Details that had always been secondary suddenly acquired decisive theological importance. In a painting of the Resurrection, should the tomb be shown open or closed? There was an equally complex debate regarding the height of the column in the Flagellation. Saint Jerome had seen it at the end of the fourth century in a portico in Jerusalem, still showing traces of the blood of Christ. If it was part of a portico, it must have been a tall column. But there were strong grounds for the tradition of painting it of middle size, since it conformed to the column that was taken to the Basilica of Saint Praxedes in Rome in 1223, and which is worshipped there to this day. Similar debates were frequent in the world of the Soviet Union’s socialist realism, and could entail much more serious consequences for the physical survival of the painter than those faced by their colleagues working in the Catholic countries of Europe during the sixteenth century.

The jovial tradition of popular tales and imagery that gave rise to The Golden Legend survives in less regimented settings, away from the altar, the chapel, or the monastic setting, where the theologians and historians of the religious orders subjected artistic practice to even stricter control. An Adoration of the Magi painted by Rubens in 1609 has all the Baroque megalomania of a grand papal ceremony. It is in the clay figurines of a Neapolitan Nativity, or in the Portuguese presépios of the eighteenth century, that one can see the survival of the popular though also delicately evangelical tradition of the manger, the cave, the mule and the ox, the singing angels that come down from heaven to mingle in their joy with the folksy din of the guitar, the panpipe, and the tambourine. The same spirit survived until recently in those popular carols, or villancicos, where it is not indecorous for the ox to warm the naked newborn with its breath, against Francisco Pacheco’s express injunctions, or for Joseph to sit fixing the sole of a shoe under a porch in Bethlehem that has been turned into a shoemaker’s stall. Carols and Nativities also preserved the narrative tradition of the Rest on the Flight into Egypt. There was one that my grandmother and my mother sang where the Child feels thirsty during the journey but neither the Virgin nor Saint Joseph can help it:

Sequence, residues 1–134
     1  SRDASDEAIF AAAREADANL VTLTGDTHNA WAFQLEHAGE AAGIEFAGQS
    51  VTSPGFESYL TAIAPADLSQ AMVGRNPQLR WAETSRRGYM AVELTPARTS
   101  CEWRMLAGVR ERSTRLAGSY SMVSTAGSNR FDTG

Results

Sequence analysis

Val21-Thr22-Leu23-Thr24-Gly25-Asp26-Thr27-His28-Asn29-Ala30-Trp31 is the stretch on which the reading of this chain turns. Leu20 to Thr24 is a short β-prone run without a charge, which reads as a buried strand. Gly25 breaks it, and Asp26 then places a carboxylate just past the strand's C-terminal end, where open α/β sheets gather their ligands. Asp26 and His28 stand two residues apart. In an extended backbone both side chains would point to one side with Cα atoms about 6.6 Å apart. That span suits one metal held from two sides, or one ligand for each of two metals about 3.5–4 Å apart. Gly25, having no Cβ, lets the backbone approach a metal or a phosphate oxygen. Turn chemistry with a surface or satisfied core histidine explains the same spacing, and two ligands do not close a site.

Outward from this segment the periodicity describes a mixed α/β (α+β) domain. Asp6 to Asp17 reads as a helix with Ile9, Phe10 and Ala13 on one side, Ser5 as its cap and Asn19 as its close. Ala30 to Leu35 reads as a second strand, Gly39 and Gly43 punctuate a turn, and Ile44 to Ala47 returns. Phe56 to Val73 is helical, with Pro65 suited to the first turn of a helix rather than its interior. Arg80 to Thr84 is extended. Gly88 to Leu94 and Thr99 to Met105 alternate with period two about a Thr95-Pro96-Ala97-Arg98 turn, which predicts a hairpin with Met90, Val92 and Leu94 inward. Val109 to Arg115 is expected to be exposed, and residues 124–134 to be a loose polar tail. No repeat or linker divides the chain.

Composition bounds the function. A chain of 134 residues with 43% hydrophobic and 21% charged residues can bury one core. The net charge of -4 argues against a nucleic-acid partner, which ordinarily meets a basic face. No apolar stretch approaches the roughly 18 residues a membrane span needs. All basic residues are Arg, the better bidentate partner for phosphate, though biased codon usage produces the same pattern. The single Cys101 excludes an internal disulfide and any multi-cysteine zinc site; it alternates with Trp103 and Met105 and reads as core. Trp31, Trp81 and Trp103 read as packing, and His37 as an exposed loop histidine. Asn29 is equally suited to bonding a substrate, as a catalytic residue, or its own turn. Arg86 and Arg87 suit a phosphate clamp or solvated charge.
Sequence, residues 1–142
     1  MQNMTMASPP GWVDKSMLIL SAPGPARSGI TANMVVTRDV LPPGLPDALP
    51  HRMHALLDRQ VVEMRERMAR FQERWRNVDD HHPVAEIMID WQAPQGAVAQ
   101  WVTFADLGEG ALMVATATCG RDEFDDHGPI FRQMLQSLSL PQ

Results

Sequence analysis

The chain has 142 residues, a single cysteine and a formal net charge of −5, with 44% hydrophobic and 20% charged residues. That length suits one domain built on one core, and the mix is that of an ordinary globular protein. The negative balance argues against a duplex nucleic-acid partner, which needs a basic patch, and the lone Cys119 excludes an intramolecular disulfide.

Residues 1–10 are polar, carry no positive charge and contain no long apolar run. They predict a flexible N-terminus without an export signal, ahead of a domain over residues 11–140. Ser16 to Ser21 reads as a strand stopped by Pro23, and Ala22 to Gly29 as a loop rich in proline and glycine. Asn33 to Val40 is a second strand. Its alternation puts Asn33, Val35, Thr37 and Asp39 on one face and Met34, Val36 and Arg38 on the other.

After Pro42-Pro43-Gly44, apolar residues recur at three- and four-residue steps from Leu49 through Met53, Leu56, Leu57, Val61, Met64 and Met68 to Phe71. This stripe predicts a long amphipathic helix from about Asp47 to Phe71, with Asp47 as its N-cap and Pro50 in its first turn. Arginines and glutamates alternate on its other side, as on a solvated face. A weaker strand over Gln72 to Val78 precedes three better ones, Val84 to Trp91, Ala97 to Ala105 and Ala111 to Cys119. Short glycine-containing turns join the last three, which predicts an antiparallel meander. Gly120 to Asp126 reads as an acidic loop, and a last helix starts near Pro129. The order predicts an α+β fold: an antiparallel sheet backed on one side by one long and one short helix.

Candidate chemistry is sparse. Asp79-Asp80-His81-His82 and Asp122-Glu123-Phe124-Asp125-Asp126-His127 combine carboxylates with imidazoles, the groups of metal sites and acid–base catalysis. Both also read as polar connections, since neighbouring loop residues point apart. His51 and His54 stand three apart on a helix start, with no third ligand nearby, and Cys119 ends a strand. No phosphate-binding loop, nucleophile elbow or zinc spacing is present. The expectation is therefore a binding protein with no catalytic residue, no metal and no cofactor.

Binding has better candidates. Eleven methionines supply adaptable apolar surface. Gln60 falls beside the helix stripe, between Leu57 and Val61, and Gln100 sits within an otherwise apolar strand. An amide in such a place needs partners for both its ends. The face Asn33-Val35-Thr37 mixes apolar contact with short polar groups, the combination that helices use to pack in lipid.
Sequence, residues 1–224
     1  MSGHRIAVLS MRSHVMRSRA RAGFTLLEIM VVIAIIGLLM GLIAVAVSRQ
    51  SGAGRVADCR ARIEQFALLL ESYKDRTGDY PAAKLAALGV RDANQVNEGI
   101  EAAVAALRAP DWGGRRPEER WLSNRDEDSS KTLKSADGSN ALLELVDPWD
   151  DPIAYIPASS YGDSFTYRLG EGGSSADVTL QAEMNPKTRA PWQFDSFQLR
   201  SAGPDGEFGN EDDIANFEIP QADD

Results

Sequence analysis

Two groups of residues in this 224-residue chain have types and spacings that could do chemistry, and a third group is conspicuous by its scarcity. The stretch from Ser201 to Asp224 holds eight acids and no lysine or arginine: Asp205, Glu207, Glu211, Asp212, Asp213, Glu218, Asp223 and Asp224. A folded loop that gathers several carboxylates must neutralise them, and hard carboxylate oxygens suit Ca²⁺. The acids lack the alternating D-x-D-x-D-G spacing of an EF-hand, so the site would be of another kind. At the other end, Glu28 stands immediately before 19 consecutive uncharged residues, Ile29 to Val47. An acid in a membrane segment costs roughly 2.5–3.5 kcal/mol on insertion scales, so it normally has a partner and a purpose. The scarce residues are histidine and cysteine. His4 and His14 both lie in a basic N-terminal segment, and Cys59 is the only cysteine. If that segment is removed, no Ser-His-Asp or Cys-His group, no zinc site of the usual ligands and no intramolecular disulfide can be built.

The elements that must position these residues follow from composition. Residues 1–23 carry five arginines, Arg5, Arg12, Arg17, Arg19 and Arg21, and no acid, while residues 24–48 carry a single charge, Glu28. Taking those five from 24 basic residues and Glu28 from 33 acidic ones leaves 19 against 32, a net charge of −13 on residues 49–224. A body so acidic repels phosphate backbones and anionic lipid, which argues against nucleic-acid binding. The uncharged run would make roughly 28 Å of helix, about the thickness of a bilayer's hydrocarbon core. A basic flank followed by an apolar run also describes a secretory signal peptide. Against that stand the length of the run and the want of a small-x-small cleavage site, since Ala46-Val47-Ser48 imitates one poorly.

No pidas agua, mi niño. No pidas agua, mi bien. Que los ríos bajan turbios y no se puede beber.

Don’t ask for water, my child. Don’t ask for water, my love. For the streams are coming down muddy, and we may not drink.

Then they reach a stand of orange trees, and the blind orchard keeper gives the Virgin an orange. She sates with its juice the thirst of the Child, who gives the blind man his sight again in a token of simple gratitude.